Buildings, health, and well-being: new research and practice intersections

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ConferenceUniversity of Ottawa Institute of Mental Health Research: 01 February 2008, Ottawa, ON.
Physical description26 p.
SubjectLighting and health
AbstractCanadians, like others in the industrialized world, spend approximately 90% of their time indoors, making these environmental conditions important determinants of our health and well-being. For instance, noise exposure in the home and classroom adversely affects children's' acquisition of reading skills; noise exposure at work can contribute to the development of cardiovascular disease. A growing literature on exposure to daylight and nature views shows benefits for these conditions in reducing strain and improving healing following surgery. These findings have had limited influence on building design, construction, and operation, in part because of limited interaction between the relevant disciplines. Success in understanding how our built environment affects our health demands such interdisciplinary work; success in improving our living conditions demands further co-operation with designers, builders, and policy-makers. This presentation will briefly summarize current research, and make the case for an urgent need for broadly-based interdisciplinary research to provide a basis for practical interventions.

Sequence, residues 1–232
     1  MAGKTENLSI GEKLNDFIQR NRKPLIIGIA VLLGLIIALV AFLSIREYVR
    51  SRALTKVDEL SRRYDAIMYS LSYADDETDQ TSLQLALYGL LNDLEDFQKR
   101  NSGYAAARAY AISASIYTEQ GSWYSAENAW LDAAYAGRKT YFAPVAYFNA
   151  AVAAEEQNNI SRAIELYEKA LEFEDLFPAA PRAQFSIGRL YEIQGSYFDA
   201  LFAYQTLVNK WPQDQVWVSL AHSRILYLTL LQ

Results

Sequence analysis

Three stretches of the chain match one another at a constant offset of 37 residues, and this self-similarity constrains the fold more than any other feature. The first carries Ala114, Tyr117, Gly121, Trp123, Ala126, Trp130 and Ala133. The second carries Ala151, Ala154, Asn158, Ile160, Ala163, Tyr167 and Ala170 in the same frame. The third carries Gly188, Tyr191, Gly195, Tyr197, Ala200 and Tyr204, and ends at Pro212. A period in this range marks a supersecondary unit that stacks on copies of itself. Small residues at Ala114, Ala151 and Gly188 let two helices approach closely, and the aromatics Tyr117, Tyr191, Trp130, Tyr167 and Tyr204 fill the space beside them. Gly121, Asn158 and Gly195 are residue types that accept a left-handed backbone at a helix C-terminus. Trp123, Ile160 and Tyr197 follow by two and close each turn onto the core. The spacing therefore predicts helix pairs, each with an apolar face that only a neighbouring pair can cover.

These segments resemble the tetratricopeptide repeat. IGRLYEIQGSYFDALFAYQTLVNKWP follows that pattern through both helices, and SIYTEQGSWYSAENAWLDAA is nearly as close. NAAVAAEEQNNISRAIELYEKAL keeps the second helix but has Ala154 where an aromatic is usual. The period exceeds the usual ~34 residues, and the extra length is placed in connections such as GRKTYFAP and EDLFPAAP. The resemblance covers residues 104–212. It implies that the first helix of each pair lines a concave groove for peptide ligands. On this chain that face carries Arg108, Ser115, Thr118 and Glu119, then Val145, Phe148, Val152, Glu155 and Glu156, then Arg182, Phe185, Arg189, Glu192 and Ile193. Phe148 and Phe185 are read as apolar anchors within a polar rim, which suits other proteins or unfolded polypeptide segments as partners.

Publication date
AffiliationNRC Institute for Research in Construction; National Research Council Canada
Peer reviewedNo
NRC number19427
NPARC number20378272
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Record identifier359e424a-87d3-4dd4-a682-5a98169f09c0
Record created2012-07-24
Record modified2016-05-09
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